Bold Prediction: The United States Government, with nothing better to do, shuts down this blog for being so misinformed.

Tuesday, June 14, 2011

The Fourth Most Popular Sport in the States!

Musings on the Stanley Cup
It has been disappointing to see two of the games of the Stanley Cup finals appear on Versus, a NBC/GE/Comcast stepchild that most households don't receive. I guess NBC was too busy running the identical shows of America's Got Talent, and whatever other crappy American Idol ripoff show they happen to broadcast. Its been a very entertaining series that is now going to a game 7 and thankfully that will be on NBC. Its been a very strange series, as neither team can play on the road, especially Vancouver's goalie Roberto Luongo who is a god at home, but little more than the virgin that gets thrown in the volcano on the road.

Dallas Stars New coach?
The Dallas Starts appear to be naming Glen Gulutzan, their minor league coach, as their new coach.
This has to be a disappointing hire, this is a team that fell one game short of making the playoffs last year. However, they are most likely losing their super star and best scorer Brad Richards, and are having ownership problems as Tom Hicks is trying to see how many organizations in how many countries he can tank (I hear he owns a team in Yemen). I wasn't real sure why they fired Crawford after the season, they weren't expected to do anything and, as previously noted, nearly made the playoffs. For whatever reason, coaches in hockey and basketball aren't given much of a leash.

Bold Prediction: The Montreal Canadians somehow win the Stanley Cup  

The Mavericks: the typical Hollywood story

Its a story that was made in some lame Hollywood studio (and the NBA would know about acting). A team that hasn't won a title in their 30 years of existence, a team that has won 50 games every year for the past decade only to have playoff disappointment after disappointment, finally wins the championship.

You won't see me post much on basketball here, in fact it may be my only post, but this is special. Not just because its a championship, but because of the story and being emotionally tied to the team. I have grown up in Central/North/West Texas my whole life, and I remember Dirk coming to the Mavericks, I
even remember when Steve Nash played for them. I watched the 06 finals when the Mavs collapsed and Wade couldn't do wrong and anyone who touched him was immediately executed by the referees and sacrificed to the god Camazotz. I also remember last year, when the Mavericks had a great season, only to get their heads bashed in by the Spurs. So at the start of this season, I had no hope for the Mavericks. Even when they made the playoffs I, just like the majority of local radio hosts, had them losing in the first round to Portland. The 23 point collapse on April 23rd just seemed to confirm all the
pessimism towards the team. However, they bounced back and end up winning the series. Even more shocking was that the Lakers laid down and the Mavericks pounced, sweeping them. Then the Mavericks handled Oklahoma City, allowing even the most cynical Dallas fans (I might be the most) to allow for some hope. Watching Dirk run off the court into the hallway after the Mavs won the title was straight out of some corny sports film. The Heat played the role of every "bad guy" showboating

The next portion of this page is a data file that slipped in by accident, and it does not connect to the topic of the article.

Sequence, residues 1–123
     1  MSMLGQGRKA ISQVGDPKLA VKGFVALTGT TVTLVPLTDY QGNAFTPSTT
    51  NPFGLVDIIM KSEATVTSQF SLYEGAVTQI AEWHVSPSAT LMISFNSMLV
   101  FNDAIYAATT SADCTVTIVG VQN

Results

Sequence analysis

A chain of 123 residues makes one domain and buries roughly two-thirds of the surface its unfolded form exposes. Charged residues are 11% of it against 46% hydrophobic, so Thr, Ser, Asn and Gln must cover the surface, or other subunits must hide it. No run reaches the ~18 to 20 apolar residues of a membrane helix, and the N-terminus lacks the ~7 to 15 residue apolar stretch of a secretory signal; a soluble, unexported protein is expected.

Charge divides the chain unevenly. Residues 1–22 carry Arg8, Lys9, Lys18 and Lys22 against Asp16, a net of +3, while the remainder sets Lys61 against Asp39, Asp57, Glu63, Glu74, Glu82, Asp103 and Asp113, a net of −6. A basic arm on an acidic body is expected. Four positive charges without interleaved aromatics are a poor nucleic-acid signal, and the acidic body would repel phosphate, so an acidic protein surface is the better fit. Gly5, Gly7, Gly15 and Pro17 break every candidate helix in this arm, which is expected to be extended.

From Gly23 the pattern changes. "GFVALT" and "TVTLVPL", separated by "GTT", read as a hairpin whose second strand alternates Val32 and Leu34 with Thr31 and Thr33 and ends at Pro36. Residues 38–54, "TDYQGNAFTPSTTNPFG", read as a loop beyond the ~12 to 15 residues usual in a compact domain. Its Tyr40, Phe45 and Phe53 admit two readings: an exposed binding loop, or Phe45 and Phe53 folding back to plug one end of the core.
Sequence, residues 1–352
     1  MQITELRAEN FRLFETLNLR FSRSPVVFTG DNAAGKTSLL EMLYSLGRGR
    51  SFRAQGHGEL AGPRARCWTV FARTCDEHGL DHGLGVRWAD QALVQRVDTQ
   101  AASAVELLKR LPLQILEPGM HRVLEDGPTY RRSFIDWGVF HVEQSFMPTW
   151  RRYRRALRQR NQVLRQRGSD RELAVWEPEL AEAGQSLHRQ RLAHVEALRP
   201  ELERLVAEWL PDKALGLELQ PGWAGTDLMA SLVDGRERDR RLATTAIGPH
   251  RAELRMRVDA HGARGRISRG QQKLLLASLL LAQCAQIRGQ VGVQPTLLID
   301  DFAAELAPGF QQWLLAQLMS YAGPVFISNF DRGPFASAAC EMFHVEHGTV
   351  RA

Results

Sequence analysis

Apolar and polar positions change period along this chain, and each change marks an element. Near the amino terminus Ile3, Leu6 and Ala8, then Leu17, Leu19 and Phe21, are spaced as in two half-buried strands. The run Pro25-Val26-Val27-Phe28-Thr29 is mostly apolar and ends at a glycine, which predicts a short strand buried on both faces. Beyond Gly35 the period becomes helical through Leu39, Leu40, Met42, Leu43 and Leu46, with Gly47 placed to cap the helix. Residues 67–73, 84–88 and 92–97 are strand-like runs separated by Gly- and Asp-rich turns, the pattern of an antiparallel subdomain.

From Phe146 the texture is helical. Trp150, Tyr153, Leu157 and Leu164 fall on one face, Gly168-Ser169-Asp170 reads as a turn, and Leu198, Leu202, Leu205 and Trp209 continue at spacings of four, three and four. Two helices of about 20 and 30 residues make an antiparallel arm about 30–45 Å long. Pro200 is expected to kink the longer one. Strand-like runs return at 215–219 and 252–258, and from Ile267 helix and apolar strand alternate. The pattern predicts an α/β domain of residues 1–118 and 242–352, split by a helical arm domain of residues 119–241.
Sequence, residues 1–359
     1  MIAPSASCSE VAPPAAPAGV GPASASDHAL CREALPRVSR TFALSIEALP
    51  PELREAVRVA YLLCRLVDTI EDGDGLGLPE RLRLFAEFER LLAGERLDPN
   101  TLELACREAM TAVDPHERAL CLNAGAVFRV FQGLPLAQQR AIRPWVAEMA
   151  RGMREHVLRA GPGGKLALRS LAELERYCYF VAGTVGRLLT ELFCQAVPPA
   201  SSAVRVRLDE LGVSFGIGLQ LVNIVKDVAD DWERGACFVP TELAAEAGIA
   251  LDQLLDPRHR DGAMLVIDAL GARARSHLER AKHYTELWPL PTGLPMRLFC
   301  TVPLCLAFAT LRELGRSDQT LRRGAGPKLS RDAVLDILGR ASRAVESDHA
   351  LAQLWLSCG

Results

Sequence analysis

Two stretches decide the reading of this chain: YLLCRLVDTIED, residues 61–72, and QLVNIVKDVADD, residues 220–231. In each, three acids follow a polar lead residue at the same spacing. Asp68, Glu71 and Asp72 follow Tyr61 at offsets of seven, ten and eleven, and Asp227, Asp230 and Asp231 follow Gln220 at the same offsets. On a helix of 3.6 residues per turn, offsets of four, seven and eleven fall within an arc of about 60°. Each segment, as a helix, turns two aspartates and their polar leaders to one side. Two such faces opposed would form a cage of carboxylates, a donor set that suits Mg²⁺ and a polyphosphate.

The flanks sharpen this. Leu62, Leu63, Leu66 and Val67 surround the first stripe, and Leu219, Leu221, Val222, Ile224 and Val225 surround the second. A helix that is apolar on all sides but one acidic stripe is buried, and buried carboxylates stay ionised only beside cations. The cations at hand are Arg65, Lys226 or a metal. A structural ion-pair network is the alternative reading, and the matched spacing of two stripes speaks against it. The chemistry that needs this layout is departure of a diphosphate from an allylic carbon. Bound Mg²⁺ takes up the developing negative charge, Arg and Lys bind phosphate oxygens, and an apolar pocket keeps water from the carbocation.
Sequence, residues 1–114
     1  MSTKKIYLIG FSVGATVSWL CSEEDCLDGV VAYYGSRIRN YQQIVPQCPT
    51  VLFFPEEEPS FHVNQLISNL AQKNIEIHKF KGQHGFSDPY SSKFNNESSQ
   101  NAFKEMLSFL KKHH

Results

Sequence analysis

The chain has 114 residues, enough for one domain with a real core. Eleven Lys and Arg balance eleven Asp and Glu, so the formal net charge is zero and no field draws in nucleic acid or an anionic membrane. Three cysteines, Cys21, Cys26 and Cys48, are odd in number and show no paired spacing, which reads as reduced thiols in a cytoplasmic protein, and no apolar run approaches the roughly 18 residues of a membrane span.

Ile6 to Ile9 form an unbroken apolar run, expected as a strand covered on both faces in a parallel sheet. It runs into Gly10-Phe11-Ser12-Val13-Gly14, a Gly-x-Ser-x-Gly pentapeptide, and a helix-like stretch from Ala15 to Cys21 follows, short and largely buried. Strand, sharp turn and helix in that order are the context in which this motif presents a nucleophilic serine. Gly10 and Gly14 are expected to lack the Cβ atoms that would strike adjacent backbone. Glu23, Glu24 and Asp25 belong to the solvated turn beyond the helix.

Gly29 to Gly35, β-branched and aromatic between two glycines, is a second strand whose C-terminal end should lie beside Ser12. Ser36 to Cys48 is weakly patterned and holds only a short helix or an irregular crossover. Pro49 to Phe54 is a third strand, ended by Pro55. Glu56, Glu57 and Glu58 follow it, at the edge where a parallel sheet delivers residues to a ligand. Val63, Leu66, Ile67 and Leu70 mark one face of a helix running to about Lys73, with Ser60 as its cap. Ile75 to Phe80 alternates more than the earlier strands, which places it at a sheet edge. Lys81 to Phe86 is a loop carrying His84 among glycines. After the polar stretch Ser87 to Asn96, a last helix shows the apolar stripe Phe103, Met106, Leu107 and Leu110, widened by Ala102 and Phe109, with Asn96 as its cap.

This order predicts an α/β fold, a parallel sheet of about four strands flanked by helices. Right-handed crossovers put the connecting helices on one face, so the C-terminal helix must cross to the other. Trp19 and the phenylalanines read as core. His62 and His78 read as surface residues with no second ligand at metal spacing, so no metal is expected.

powerful team that gets beat at the end (of course watching Mike Bibby get minutes was more like watching the not-as-funny sequel to Grumpy Old Men). Its stories and moments like this that remind every sports fan why they waste all their lives listening to Stan Van Gundy yell out fragmented grunts into a microphone.

Bold Prediction: Mark Cuban's ego becomes so massive that it sues Cuba for all its worth, and succeeds the Castros and every citizen of the country will be forced to watch Shark Tank.  

Monday, June 13, 2011

You Can't do that to Baseball!

Major League Baseball is considering shaking up its league alignment and giving both the American and National League 15 teams each, which means that one National League team would move to the American League. The thinking is that it would have to be a team from the NL Central moving to the AL west. The favorite seems to be the Houston Astros moving to the AL to foster a rivalry with the Texas Rangers. This must be long term thinking however, as the Astros have been terrible the past couple of seasons and been destroyed in inter-league play by the Rangers. There are also reports that the Baseball gods may only approve of the sale of the Astros if the new owner agrees to move his team to the AL.

Of course baseball is a fairly conservative sport, probably more than any other sport, change is met with great resistance. There was nearly rioting in the street over the DH (some baseball purists refuse to acknowledge it exists, much like Highlander nerds refuse to acknowledge the remake), and then the Wildcard. However, this obviously doesn't mean there can't be change. The DH did come about and the Wildcard did happen, and its a better league because of it (can you imagine no Jim Thome, David Ortiz, no 2003 Florida Marlins, or no 2004 “curse-breaking” Red Sox?).